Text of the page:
My advice to my kids is to stop thinking about how people treat you.  Don’t focus on that.  Focus more on how you’re treating other people.  Treat others kindly, and with respect. You’ll see that people will usually return the favor.

Don’t even get me started on this word “deserve”.   I really hope my kids would say that the word “deserve” is rarely spoken in our home.  I feel like they would say that. I don’t like that word.  I can’t picture that word coming out of Scott’s mouth either, unless it was part of a joke.  Not even Royalty deserves to be treated like Royalty.

People who walk around thinking about what they “deserve” are people who spend less time being happy.  What do we really deserve anyway?   Do babies “deserve” to be born into poverty, and countries that are ravaged by war?  They don’t, but there they are.  We didn’t do anything to deserve our place and time in history either.  But, here we are.  Let’s always be grateful.  A grateful kid is a happy kid.

Did you hear that the famous singer Sting announced he won’t be passing his fortune on to his six kids?  You know why?  Because he loves his kids.  Sting wants his kids to find their own passion. He wants them to have to work hard to achieve their goals.  He wants all that, because he wants his children to have good and meaningful lives.  I bet he never once told his children that they are like royalty, and they deserved to be treated as such.  He’s too smart to say that.

So that’s my rant on that subject.  Sorry if I got a little carried away.  I’ll stop now.

Do you like Public Radio?  I do.  I was an intern for a Public Radio station in Iowa when I was in college.  I’ve been a fan ever since.  I have always had this inner nerd thing happening in my life. I like my inner nerd. She makes me think.  It’s my inner nerd that truly loves Public Radio.  But, sometimes those Public Radio announcers are too nerdy even for me.

This morning the announcer was covering a book list.  I like their book lists. I try to write down as many of the titles as I can.  This morning’s discussion was between the announcer and the person who conducted the book review.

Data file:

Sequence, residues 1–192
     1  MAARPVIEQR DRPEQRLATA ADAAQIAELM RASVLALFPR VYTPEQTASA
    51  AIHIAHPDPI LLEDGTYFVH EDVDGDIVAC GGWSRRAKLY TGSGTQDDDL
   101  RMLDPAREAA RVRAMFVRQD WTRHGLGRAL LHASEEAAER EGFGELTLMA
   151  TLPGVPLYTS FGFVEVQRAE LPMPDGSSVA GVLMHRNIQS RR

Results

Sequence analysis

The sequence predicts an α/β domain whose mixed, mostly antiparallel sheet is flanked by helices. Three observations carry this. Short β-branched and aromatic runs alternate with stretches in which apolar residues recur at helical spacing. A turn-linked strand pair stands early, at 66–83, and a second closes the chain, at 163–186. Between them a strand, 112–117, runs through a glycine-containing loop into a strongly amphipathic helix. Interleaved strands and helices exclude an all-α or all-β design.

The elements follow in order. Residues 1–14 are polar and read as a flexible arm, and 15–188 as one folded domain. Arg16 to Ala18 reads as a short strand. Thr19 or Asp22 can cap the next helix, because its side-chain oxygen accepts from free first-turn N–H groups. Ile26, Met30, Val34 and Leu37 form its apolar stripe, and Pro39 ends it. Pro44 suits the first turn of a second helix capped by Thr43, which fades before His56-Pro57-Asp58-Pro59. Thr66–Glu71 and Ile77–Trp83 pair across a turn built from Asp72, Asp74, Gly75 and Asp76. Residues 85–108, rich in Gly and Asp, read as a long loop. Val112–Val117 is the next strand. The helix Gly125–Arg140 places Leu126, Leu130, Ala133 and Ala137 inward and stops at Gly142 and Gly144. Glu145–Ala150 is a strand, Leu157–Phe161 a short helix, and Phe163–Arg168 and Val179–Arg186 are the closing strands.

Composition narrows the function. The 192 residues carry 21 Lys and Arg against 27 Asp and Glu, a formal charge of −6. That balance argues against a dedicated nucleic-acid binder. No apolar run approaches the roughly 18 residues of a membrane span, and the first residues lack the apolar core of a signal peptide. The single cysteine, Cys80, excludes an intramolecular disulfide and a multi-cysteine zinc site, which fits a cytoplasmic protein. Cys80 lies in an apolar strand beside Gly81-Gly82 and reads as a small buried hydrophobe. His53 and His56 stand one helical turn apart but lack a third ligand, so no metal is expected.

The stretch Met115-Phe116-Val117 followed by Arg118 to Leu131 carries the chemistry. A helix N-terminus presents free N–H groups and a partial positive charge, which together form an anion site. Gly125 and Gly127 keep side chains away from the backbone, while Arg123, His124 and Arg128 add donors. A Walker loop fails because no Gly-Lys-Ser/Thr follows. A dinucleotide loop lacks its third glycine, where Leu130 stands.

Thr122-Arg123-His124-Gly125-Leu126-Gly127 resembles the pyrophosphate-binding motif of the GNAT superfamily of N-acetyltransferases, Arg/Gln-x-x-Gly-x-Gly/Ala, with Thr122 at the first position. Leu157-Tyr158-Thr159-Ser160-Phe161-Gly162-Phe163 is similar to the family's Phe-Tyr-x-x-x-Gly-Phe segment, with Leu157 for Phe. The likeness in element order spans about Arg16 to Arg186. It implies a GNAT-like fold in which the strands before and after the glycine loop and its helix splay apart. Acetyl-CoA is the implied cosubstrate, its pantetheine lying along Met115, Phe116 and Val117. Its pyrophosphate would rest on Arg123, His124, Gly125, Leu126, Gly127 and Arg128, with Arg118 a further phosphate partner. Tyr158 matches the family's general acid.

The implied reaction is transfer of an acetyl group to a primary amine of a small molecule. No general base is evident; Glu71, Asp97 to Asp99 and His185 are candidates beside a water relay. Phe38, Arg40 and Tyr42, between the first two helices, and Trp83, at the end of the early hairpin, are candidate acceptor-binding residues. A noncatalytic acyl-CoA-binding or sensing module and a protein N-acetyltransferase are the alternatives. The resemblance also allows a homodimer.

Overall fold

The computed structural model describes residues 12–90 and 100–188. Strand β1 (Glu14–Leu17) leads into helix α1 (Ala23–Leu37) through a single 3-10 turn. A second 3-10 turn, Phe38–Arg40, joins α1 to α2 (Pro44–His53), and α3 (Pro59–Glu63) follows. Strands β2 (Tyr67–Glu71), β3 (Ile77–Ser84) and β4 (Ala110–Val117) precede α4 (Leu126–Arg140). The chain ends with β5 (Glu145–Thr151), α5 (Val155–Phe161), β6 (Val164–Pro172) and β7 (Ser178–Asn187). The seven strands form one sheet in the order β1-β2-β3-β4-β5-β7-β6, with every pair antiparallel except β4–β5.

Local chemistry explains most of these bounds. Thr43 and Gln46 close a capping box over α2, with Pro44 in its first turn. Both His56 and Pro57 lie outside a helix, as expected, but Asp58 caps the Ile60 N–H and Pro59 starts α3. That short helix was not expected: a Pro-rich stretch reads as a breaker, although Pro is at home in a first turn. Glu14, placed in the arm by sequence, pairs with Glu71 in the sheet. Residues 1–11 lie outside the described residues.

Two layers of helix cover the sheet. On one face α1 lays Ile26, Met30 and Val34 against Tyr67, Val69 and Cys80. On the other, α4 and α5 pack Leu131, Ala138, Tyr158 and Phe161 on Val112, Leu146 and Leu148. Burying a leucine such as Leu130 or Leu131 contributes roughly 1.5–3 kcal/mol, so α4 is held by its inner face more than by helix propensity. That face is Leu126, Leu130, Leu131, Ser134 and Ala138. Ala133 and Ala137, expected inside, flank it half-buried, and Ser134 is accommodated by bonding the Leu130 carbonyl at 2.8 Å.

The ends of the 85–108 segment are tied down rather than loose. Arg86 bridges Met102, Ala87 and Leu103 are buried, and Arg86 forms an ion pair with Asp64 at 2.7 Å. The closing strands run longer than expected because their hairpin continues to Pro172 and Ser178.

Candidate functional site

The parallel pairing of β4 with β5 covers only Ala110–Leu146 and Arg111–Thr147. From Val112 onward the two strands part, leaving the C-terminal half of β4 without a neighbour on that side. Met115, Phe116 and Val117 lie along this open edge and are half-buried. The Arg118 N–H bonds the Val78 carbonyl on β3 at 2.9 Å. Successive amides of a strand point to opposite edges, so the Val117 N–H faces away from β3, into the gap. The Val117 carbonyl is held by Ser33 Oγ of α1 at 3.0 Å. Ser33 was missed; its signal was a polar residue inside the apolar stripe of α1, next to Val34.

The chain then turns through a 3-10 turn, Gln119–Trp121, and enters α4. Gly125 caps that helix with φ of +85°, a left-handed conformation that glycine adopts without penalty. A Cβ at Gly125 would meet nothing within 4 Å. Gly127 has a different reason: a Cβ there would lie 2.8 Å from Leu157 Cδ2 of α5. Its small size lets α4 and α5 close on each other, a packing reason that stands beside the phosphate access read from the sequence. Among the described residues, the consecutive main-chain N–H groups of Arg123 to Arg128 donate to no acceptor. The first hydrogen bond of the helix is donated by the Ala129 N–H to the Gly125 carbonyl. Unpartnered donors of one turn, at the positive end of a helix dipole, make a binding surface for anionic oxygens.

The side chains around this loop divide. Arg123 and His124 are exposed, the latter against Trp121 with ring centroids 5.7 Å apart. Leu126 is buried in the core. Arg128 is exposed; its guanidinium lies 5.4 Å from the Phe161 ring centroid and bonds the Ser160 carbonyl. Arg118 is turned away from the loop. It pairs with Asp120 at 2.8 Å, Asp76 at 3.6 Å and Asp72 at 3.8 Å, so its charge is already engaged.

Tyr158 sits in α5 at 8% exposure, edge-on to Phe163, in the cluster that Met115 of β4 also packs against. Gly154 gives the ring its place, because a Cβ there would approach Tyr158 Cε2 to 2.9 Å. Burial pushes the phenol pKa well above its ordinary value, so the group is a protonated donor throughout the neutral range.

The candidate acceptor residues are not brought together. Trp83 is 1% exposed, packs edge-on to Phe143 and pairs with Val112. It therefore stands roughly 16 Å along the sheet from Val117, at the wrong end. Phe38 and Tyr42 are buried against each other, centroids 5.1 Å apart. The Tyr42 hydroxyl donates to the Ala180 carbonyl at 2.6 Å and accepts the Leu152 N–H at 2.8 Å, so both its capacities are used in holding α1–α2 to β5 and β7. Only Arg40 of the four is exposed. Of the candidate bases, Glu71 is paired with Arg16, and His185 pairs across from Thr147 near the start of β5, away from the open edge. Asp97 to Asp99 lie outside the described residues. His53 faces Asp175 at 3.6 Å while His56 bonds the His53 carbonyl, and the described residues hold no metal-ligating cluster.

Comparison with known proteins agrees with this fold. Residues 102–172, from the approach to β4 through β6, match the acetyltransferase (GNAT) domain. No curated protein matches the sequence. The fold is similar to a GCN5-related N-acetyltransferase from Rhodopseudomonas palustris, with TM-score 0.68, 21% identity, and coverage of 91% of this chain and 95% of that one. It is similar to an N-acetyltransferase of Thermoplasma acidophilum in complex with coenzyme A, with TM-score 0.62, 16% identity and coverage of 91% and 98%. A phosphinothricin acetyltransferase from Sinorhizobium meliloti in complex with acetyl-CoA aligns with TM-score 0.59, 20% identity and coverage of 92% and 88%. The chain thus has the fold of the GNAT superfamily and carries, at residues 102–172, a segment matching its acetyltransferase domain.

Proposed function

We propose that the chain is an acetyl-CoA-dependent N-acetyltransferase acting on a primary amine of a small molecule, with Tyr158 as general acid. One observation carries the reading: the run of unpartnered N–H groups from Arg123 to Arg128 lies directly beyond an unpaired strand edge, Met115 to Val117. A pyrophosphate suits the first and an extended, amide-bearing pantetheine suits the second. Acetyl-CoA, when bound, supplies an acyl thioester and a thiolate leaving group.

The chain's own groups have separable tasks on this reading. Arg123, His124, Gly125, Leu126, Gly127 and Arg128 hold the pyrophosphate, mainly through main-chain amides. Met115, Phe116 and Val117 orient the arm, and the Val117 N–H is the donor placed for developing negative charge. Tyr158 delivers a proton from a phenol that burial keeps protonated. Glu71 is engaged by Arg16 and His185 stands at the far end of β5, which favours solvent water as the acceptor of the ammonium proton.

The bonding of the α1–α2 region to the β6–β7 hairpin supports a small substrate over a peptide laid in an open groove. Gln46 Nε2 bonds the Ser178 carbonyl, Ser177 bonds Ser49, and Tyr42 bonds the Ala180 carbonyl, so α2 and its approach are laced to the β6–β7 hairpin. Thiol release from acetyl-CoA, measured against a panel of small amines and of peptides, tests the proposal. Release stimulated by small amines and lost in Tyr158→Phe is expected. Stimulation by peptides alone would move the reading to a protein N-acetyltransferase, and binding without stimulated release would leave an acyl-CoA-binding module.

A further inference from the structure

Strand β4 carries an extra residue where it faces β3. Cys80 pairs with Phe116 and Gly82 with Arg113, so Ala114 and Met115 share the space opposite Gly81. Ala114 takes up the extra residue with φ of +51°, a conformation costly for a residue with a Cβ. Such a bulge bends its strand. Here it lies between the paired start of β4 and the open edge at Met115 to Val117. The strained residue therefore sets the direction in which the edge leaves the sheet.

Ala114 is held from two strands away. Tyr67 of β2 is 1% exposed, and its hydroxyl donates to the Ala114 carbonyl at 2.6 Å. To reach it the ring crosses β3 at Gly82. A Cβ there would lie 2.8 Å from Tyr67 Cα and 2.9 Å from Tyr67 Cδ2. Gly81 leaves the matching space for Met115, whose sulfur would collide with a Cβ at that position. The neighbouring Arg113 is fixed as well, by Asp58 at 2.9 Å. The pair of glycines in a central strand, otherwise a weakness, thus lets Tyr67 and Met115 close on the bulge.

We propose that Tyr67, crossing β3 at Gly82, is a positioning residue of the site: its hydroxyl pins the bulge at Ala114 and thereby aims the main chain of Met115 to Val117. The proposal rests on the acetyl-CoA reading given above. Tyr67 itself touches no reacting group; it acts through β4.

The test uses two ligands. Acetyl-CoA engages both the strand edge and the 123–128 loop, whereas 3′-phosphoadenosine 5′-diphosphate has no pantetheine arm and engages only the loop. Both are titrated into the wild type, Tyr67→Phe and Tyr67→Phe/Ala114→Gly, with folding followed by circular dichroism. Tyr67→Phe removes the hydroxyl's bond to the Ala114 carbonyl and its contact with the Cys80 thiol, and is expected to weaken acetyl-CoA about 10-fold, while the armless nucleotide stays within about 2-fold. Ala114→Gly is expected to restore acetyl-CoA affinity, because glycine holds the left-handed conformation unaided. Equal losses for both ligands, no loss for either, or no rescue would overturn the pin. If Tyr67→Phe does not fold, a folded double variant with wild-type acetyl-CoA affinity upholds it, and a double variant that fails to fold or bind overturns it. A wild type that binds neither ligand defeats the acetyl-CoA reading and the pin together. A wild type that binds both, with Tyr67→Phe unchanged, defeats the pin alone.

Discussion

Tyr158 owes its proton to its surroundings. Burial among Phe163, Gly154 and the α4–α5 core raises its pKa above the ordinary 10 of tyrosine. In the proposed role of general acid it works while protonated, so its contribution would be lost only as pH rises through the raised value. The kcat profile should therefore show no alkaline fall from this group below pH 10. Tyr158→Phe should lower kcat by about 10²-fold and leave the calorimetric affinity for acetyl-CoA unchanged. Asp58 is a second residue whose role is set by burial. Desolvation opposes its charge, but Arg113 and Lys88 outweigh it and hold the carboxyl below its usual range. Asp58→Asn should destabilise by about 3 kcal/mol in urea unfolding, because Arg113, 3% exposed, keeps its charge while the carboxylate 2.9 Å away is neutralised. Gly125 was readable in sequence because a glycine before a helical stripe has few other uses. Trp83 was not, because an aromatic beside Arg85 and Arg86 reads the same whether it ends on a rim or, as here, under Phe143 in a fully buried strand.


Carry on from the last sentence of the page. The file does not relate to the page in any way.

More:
The announcer was asking the reviewer about the book.  The reviewer said, “This book is so good.  It is based on realism (big pause.  Wait for the punch line.  Wait for it. Wait… for…it).  Elastic realism.”

Then the announcer laughs so hard, he can hardly get control of himself.  The reviewer giggles too.  You get it, right?  Elastic realism?  That’s so flippin’ hilarious, my stomach still hurts from laughing.

No.  That is not funny.  That’s so unfunny. I think those people should be punished for laughing so hard at something so unfunny.    And that’s why sometimes  public radio is too nerdy even for me.

 

public radio

 

 

 

 

 

 

How I Inspire

Did you read my blog on Tuesday? Well, you should have; I’m trying to help you change your life. I can’t do that, if you won’t listen.

Tuesday’s blog was super deep and motivating. I told you about my long walks with my dog. I said I might make a bumper sticker to commemorate my dog walking accomplishments. My sticker would be a stick figure walking her dog with “1.5” on it. You don’t have to tell ME how cool that sounds.

The nicest people read my blog; some old friends, a lot of new friends. They give me good ideas. One of my friends said my sticker should say, “It ain’t no jive. I walk 1.5.” You get it? Jive and one-point-five rhyme? I know. I know. You’re getting emotional. It’s okay. Feelings are good.

I’d like to thank my friend (thanks, Wendy) for that good idea. Her good idea gave me another good idea. I think I need to make a poster. I was thinking that Scott could hang this poster in the wrestling room. The wrestlers (my sons included – because boys L-O-V-E, I mean LOVE posters of their moms) could look at the poster when they just needed that extra push. When they are feeling like they have nothing left to give, when they don’t know where they’ll find the courage they need to bust through insurmountable obstacles in front of them, and when they are tempted to give in, they can look at this poster.

One look at this poster, and the wrestlers will remember. They’ll remember what I’ve accomplished, and be inspired to reach their own goals. It doesn’t matter that they’re aiming for a State Championship, and I’m aiming for two miles. They don’t need to feel badly about having a goal that’s less challenging. What matters is that they have one. What matters is that they never give up. Like me. I never give up.

It’s no JIVE. I go 1.5!

walking poster